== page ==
by Staff Writers
Chelmsford, UK (SPX) May 12, 2009
On May 11, 2009 e2v Charge Coupled Device (CCD) imaging sensors were launched into space by NASA, on board the space shuttle Atlantis, as part of a mission to upgrade and repair the Hubble Space Telescope.
e2v CCD imaging sensors will equip Wide Field Camera 3 (WFC3), a new instrument that will be installed on Hubble to take large-scale, extremely clear and detailed pictures of the universe over a very wide range of colours. e2v's CCDs will make the Hubble telescope more powerful than it's ever been.
The Hubble Space Telescope first went into orbit in April 1990, and uses it position above the Earth's atmosphere (which distorts and blocks light reaching our planet), to give a view of the universe that can surpass that of ground-based telescopes. Hubble has beamed thousands of images back to Earth and uncovered many mysteries of the universe.
NASA is now undertaking a final mission to repair and upgrade the telescope. The mission, designated STS-125, will equip the telescope to explore our universe in greater detail than ever before, by replacing equipment and installing new instruments with e2v's CCDs.
WFC3 will replace the existing Wide Field Planetary Camera 2 (WFPC2). Its key feature is the ability to span the electromagnetic spectrum from the ultraviolet (UV), through visible/optical light and into the near infrared (NIR).
It is this wide-field 'panchromatic' ability that is so unique and gives WFC3 the ability to observe young, hot stars (glowing mainly in UV) and older, cooler stars (glowing mainly in red and NIR) in the same galaxy, and more than a 10 times improvement over WFPC2 in discovery efficiency at UV wavelengths. WFC3 is able to do this through its dual-channel design using two sensor technologies.
Incoming light is beamed from the telescope to either the Ultraviolet-Visible (UVIS) channel or the Near-Infrared (NIR) channel. The UVIS channel of the instrument is equipped with e2v's large CCD-43 imaging sensor. The technology involved in developing the CCD gives the imaging sensor a superior performance specification:
+ Large area, with around 4k(H) by 2k(V) 15 micron pixels
+ Full frame imaging CCD designed to operate in Inverted Mode for low dark signal.
+ Features enhanced Ultra-Violet quantum efficiency and back-illumination to give a very broad waveband response. The typical quantum efficiency is 50% at 250nm and 65% at 500nm.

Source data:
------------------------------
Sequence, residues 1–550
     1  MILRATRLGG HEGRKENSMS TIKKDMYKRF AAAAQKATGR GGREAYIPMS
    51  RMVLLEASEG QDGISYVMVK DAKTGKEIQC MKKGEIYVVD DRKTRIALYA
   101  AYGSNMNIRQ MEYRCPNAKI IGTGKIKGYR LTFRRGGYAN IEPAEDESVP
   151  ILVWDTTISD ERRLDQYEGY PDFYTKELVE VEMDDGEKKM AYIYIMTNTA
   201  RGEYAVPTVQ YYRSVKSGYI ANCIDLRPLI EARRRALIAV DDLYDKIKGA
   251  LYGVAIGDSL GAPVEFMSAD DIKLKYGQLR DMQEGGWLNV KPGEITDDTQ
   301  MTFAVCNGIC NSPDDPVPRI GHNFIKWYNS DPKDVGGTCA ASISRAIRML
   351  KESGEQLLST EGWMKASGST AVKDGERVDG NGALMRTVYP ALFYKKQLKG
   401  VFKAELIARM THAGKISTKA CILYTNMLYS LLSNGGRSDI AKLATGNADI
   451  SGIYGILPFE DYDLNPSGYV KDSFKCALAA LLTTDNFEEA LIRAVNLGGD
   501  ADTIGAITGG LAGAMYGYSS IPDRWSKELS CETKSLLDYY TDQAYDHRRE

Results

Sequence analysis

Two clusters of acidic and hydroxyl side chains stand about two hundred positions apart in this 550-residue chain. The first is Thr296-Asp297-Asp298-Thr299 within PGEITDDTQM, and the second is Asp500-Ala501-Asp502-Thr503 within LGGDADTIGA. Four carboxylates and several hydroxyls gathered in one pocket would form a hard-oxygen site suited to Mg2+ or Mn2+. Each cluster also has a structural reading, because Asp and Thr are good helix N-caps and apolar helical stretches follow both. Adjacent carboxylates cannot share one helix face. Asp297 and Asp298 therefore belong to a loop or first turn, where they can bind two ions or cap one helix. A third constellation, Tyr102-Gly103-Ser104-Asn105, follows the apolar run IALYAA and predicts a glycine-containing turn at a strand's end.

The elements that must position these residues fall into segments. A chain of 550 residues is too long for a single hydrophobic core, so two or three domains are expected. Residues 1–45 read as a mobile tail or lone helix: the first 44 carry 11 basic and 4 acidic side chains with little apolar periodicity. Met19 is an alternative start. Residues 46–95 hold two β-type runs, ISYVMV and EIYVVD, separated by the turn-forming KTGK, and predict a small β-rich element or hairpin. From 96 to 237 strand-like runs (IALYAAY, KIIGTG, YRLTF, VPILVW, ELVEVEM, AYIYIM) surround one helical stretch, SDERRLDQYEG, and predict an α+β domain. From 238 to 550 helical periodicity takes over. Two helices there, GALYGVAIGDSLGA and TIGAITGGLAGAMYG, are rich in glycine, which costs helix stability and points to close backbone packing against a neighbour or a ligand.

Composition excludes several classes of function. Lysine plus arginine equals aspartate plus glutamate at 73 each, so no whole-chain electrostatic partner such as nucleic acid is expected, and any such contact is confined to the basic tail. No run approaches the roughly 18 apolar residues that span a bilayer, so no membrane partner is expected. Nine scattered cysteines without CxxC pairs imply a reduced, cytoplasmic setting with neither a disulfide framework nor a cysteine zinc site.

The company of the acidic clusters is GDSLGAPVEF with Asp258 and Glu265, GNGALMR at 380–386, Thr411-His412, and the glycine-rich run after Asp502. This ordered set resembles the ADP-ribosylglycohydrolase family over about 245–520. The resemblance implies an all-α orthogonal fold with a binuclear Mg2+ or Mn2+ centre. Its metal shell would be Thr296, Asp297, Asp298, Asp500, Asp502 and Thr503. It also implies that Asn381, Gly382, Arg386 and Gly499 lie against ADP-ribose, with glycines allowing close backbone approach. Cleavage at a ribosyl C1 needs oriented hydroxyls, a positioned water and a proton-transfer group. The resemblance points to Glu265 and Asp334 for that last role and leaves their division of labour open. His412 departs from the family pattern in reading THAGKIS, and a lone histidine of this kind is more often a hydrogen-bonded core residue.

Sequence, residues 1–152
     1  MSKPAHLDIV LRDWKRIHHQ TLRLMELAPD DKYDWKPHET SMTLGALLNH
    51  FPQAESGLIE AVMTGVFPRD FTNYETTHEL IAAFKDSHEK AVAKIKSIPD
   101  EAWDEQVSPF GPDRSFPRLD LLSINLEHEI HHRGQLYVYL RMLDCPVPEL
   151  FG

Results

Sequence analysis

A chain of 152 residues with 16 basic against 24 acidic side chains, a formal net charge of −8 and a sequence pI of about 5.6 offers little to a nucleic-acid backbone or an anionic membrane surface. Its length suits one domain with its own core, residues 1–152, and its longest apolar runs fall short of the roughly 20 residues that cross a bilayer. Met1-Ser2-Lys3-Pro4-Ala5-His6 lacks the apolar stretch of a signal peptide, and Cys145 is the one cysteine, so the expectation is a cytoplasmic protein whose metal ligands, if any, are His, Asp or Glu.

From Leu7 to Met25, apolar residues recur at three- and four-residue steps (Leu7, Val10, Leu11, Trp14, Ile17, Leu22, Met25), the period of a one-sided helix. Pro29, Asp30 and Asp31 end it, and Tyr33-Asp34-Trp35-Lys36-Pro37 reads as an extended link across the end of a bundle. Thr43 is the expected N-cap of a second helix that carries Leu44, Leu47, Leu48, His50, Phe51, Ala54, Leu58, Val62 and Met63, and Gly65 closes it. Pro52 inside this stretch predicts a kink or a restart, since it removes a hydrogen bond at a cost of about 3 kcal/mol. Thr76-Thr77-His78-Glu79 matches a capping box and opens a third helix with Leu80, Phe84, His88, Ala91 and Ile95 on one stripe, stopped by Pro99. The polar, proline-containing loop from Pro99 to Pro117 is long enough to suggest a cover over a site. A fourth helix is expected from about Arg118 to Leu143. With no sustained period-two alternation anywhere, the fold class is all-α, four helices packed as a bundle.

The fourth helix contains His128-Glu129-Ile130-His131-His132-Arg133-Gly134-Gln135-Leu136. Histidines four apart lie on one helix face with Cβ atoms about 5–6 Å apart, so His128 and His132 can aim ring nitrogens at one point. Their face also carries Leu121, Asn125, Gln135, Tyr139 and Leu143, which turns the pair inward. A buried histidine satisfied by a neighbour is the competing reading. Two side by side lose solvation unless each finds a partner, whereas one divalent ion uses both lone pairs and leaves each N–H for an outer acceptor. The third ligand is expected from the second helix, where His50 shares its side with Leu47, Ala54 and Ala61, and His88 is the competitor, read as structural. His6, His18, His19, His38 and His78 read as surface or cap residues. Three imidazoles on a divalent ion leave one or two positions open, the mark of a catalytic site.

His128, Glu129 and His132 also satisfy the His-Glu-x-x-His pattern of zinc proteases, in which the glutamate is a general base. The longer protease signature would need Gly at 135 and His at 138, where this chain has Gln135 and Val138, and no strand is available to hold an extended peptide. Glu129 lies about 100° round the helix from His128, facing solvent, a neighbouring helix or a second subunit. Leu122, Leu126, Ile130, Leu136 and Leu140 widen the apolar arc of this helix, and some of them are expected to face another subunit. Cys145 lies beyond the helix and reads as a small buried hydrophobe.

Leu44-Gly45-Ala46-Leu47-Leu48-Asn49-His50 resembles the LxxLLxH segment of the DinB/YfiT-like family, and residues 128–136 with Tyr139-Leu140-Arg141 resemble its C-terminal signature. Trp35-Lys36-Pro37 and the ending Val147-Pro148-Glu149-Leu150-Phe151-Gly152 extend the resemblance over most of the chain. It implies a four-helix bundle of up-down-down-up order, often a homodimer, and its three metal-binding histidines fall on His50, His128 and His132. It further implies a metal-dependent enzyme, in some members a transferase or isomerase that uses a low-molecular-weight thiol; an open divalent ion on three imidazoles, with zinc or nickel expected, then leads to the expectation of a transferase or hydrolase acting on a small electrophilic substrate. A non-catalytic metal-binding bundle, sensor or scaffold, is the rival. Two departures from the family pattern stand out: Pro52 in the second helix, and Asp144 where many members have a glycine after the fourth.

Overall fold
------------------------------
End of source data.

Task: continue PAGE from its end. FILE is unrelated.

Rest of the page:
+ Designed and packaged for assembly in close-butted pairs, typically 250 m (with a specification at 340 m) per chip, i.e.~500 m if butted, thus creating a ~4k square image area.
+ The two high responsivity and very low noise output amplifiers, typically ~2.5 e-rms at 50kHz, on each sensor, enable imaging of feint objects.
+ A parallel charge injection structure permits mitigation against radiation effects of the space environment and a supplementary "notch" or mini-channel is included to further reduce the impact of irradiation when imaging at small signal levels.
+ The readout register has a gate controlled dump drain to allow fast dumping of unwanted data.
Brian McAllister, General Manager of Space and Scientific Imaging at e2v, said "This is a prime example of how our e2v sensors are being used to accelerate discovery, by upgrading the performance of the Hubble Space Telescope's vision to reach previously unexplored territory."
Dr Randy Kimble, WFC3 Instrument Scientist at NASA's Goddard Space Flight Center said "We have been very pleased to work with the exceptionally talented folks at e2v to bring this technology to the Hubble Space Telescope. It will enable significant advances in large-format ultraviolet and visible observations to provide new discoveries about the nature of our universe."
Space Telescope News and Technology at Skynightly.com
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